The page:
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Tucson rolls out the welcome mat: Council passes 'Immigrant Welcoming' resolution

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Tucson rolls out the welcome mat: Council passes 'Immigrant Welcoming' resolution

CREATED Aug 8, 2012

Reporter: Marcelino Benito

TUCSON (KGUN9-TV) -"We are immigrant friendly." It's the message the city of Tucson sent the world Tuesday night. The resolution tries to improve the Old Pueblo's image post SB 1070.

"There's a level of fear among immigrants because of the way they're treated," said Fr. Ron Oakham.

Fr. Oakham is the Pastor at St. Cyril of Alexandria Catholic Parish. He was one of several clergymen that spoke out at Tuesday night's city council meeting. He wants immigrants to feel welcome in the city.

"It saddens me to think we don't want immigrants," he said. "When I hear people talking about being afraid I think 'geez that's not who we are.'"

The motion by Councilwoman Regina Romero clarifies that legal immigrants are welcome in Tucson and will be protected. It's modeled after the city of Dayton, Ohio. The resolution passed with a 6-1 vote. Councilman Steve Kozachik was the lone 'no' vote. 9OYS reporter Marcelino Benito asked him if he felt such a resolution was necessary.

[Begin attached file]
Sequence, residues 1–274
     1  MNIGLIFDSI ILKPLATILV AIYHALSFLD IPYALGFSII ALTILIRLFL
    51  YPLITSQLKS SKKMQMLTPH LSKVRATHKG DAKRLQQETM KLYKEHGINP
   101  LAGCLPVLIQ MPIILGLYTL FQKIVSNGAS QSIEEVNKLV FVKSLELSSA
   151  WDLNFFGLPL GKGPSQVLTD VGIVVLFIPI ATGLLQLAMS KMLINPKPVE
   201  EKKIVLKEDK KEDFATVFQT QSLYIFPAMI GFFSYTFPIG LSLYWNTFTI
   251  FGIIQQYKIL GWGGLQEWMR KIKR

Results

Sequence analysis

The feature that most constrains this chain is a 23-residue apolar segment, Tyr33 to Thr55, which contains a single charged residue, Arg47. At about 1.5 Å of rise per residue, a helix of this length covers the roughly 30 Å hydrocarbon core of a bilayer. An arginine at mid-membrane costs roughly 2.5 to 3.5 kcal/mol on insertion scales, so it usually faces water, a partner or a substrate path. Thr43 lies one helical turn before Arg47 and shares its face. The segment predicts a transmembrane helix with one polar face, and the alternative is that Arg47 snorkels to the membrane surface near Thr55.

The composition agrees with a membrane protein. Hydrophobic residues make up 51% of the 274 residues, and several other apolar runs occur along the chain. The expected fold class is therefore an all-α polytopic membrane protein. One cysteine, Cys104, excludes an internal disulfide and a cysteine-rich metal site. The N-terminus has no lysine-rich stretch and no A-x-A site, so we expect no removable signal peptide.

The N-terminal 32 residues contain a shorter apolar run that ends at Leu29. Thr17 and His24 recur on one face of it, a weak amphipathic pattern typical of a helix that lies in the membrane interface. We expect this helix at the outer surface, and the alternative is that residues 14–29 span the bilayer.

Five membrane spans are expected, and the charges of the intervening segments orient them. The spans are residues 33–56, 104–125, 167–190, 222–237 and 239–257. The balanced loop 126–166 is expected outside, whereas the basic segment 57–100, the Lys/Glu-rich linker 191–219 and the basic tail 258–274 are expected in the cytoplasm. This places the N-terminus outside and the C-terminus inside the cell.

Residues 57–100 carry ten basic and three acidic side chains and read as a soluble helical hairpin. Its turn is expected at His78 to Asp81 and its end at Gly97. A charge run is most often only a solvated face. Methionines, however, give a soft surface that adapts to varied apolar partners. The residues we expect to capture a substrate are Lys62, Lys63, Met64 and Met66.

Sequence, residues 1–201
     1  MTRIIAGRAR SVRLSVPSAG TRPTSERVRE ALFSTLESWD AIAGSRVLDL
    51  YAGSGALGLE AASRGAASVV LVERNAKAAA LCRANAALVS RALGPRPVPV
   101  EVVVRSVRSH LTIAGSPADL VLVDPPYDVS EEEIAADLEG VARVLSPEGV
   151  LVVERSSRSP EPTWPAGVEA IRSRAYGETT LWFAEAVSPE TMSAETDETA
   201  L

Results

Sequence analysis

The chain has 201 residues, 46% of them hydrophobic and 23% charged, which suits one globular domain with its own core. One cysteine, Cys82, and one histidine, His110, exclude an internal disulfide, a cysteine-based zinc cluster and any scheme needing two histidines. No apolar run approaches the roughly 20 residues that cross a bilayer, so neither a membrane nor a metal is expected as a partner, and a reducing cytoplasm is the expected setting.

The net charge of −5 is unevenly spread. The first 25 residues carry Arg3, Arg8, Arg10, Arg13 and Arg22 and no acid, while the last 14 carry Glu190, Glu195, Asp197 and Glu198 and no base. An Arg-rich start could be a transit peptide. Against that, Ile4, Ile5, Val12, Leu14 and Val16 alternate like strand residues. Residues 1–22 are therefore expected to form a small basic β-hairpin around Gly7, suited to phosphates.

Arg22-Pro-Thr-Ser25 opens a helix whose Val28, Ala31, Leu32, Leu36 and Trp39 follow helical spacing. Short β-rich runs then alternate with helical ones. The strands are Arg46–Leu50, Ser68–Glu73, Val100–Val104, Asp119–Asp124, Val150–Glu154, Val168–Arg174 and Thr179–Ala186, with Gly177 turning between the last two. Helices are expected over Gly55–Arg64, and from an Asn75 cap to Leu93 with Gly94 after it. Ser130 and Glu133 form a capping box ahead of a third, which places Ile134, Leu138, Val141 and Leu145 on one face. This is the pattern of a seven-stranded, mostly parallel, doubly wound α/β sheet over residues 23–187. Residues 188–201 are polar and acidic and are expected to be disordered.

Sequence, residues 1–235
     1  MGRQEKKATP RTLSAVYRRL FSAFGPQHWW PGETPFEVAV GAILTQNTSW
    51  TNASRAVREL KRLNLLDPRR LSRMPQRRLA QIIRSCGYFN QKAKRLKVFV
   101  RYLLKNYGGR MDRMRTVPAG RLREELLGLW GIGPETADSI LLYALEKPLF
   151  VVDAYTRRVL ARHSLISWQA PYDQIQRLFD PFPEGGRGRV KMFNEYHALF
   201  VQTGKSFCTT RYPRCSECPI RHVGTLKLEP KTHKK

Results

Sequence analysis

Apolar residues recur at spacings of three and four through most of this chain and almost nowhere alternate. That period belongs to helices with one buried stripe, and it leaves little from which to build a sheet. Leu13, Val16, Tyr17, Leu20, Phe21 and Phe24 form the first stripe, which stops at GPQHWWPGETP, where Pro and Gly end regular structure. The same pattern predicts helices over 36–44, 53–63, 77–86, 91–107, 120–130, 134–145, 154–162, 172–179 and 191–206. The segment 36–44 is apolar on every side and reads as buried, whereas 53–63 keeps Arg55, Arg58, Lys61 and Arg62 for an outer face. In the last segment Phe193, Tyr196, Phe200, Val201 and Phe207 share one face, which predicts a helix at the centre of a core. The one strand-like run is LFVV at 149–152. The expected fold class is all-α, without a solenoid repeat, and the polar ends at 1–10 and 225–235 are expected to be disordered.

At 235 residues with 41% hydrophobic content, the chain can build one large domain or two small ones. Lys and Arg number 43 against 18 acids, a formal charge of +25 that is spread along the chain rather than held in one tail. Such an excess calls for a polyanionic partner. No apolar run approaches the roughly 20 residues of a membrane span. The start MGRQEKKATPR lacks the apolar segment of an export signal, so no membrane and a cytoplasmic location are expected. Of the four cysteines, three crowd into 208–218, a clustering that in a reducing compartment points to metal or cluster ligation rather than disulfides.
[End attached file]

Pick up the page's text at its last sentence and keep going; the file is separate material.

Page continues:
"No, it wasn't," he replied. "Our community knows what we're about. We showed it since our initial objection to SB 1070."

Kozachik says he voted no because of the Dayton model saying there are things Dayton does that would not work in Tucson and could do more harm than good.

"If the rest of the council wants to drive to Maricopa County and put this in Arpaio's office, I'll even drive the car," Kozachik said. "But we're already different then Maricopa County. What he's doing up there, doesn't reflect what we're doing here."

SB 1070 did impact local business. The resolution hopes to help turn those losses around. It's something the Tucson Hispanic Chamber of Commerce supports.

"I appreciate the spirit of the action that the City Council took yesterday," President Lea Marquez-Peterson said.

Everyone on both sides of the issue realize a few pieces of paper can't completely change an underlying anti-immigrant attitude.

"Just make a city immigrant-friendly doesn't take care of the problem," Fr. Oakham said. "We have a nationwide system that doesn't work. We need immigration reform and trying to fix it in an anti-immigrant environment is hard."

In the resolution, the council also expressed support for the Tucson Police Department and its commitment to protect all people living in the City of Tucson regardless of immigration status. The council also plans to host forums on racial profiling this Fall and plans to facilitate community conversations with key players before officially proclaiming Tucson an "Immigrant Welcoming" city.